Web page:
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#1960s

Patrizia Vicinelli, [Esperimenti verbovisivi dal Diario 1969-’70], in Non sempre ricordano. Poesia Prosa Performance, Edited by Cecilia Bello Minchiacchi, Essays by Cecilia Bello Minchiacchi and Niva Lorenzini, Multimedia anthology Edited by Daniela Rossi in collaboration with Paolo Fresu, «fuoriformato» 21, Le Lettere, Firenze, 2009 [p. 333]

garadinervi
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Patrizia Vicinelli, [Esperimenti verbovisivi dal Diario 1969-’70], in Non sempre ricordano. Poesia Prosa Performance, Edited by Cecilia Bello Minchiacchi, Essays by Cecilia Bello Minchiacchi and Niva Lorenzini, Multimedia anthology Edited by Daniela Rossi in collaboration with Paolo Fresu, «fuoriformato» 21, Le Lettere, Firenze, 2009 [p. 332]

garadinervi
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Patrizia Vicinelli, [Esperimenti verbovisivi dal Diario 1969-’70], in Non sempre ricordano. Poesia Prosa Performance, Edited by Cecilia Bello Minchiacchi, Essays by Cecilia Bello Minchiacchi and Niva Lorenzini, Multimedia anthology Edited by Daniela Rossi in collaboration with Paolo Fresu, «fuoriformato» 21, Le Lettere, Firenze, 2009 [p. 331]

garadinervi
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Patrizia Vicinelli, [Esperimenti verbovisivi dal Diario 1969-’70], in Non sempre ricordano. Poesia Prosa Performance, Edited by Cecilia Bello Minchiacchi, Essays by Cecilia Bello Minchiacchi and Niva Lorenzini, Multimedia anthology Edited by Daniela Rossi in collaboration with Paolo Fresu, «fuoriformato» 21, Le Lettere, Firenze, 2009 [p. 330]

garadinervi
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Joni Mitchell discusses Jimi Hendrix, Italy, 1990.

“And so it happened that Joni and the Jimi Hendrix Experience were both playing Ottawa in March 1968. Hendrix left the following testimony in his diary:

March 19
Arrived in Ottawa. Beautiful hotel. Strange people…Beautiful dinner. Talks with Joni Mitchell on the phone. I think I’ll record her tonight with my excellent tape recorder (knock on wood). Hmmm…can’t find any wood…everything’s plastic. Beautiful view.
Marvelous sound on the first show. Good on second. Good recording. Went down to the little club to see Joni, fantastic girl with heaven words. We all got to party. OK, millions of girls. Listen to tape and smoke up at the hotel.
March 20
We left Ottawa City today. I kissed Joni goodbye….”

Hendrix’s drummer, Mitch Mitchell, wrote about that night in his memoir, Jimi Hendrix: Inside the Experience: 

“We heard of this girl singer in town, called Joni Mitchell. Hendrix and I had these portable Sony tape recorders, huge things that we dragged ‘round the world. So we went to this little folk club, after our gig, with Hendrix’s tape machine. We were amazed, she was wonderful. So we taped the show and then went back to the hotel.
Turns out, not only is she staying in the same hotel, but she’s on the same floor. So we went back to the room, just the three of us, played the tape back, compared notes, that kind of thing. It’s two in the morning, but we’re keeping things low and we’d been there about an hour and the manager comes up. He went fucking berserk. “You can’t have guests in your room.”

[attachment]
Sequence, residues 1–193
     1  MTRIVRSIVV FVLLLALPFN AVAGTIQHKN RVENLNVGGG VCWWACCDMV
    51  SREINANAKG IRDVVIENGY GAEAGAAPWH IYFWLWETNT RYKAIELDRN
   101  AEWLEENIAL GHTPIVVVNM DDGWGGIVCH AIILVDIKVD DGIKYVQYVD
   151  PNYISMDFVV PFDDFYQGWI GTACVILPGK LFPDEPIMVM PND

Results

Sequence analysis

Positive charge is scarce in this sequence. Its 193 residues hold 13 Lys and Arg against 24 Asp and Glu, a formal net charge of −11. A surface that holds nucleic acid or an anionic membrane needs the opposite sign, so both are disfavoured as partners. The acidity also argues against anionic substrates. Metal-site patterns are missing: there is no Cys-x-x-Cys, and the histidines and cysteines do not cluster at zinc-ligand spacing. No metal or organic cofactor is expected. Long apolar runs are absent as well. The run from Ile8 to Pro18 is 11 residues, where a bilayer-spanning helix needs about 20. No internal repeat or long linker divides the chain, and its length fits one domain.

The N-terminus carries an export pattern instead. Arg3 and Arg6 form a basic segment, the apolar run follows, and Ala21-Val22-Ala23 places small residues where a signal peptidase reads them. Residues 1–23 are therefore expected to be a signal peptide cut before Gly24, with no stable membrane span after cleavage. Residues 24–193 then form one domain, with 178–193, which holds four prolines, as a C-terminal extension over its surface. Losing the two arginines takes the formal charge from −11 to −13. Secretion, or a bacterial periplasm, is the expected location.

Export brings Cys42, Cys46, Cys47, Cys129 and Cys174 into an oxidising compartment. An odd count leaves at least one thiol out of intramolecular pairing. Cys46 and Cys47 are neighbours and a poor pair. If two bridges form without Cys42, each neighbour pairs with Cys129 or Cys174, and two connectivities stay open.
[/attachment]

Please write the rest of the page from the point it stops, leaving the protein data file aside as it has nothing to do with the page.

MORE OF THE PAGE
What! We couldn’t believe it. We were all staying on the same floor, for God’s sake.
So we said, “We can’t have any guests in this room, right?”
“Yes.”
So we moved everything into my room. We got chased out of there and went to Joni’s This went on all night. Unfortunately, the tape recorder and the tape were stolen the next day, so end of story on that, but strange guy. Who knows what it was? Black man, white man, white girl, I don’t know.”

….Hendrix, reel-to-reel in hand, came into the club and shyly introduced himself.

“My name is Jimi Hendrix and I was just signed to Reprise, the same label that you’re on. Could I tape your show?”
“Sure,” Joni said.
“So, he put the reel-to-reel down,” Joni recalled. “Here’s the mic and here’s me and he put it down on the side, on the left, facing the stage, and he spent the whole show leaning over it and watching levels all the time. He didn’t put it there and back off. He engineered it all the way through. Once in a while, he’d glance up and smile and go back to this thing. After it was over we all went to a party that the promoter put on and I’m looking right and he’s looking left. This guy came up to them and said, “What sign is Joni?” And they said, “Scorpio.” And he said, “I’ve got all these songs. I’ve got one for every sign in the zodiac. I could pull any girl with these.” And Jimi said, “Well, you won’t be pulling her.” I don’t have much memory of an asshole coming up to me and singing a Scorpio song, hoping to sweep me off my feet. We didn’t stay there very long and we went back to the hotel…And we went to my room first and we played back portions of his show, sitting on the floor like a campfire, really close to it. Not loud. And sitting cross-legged around it. Well, the hotel dick came up and told us to break it up. They didn’t like the idea of three hippies sitting around, especially one black, alone in the room in this conservative hotel. So we left and we went to Mitch’s room, and we had it down so low, we were huddled over it. And they broke it up again…We went from my room to Jimi’s room to Mitch’s room, and the cop kept showing up and breaking us up, and we kept rotating around. In the course of the evening, it was a really sweet visit with both of them.”

Joni Mitchell, “Reckless Daughter: A Portrait of Joni Mitchell, David Yaffe, 2017.

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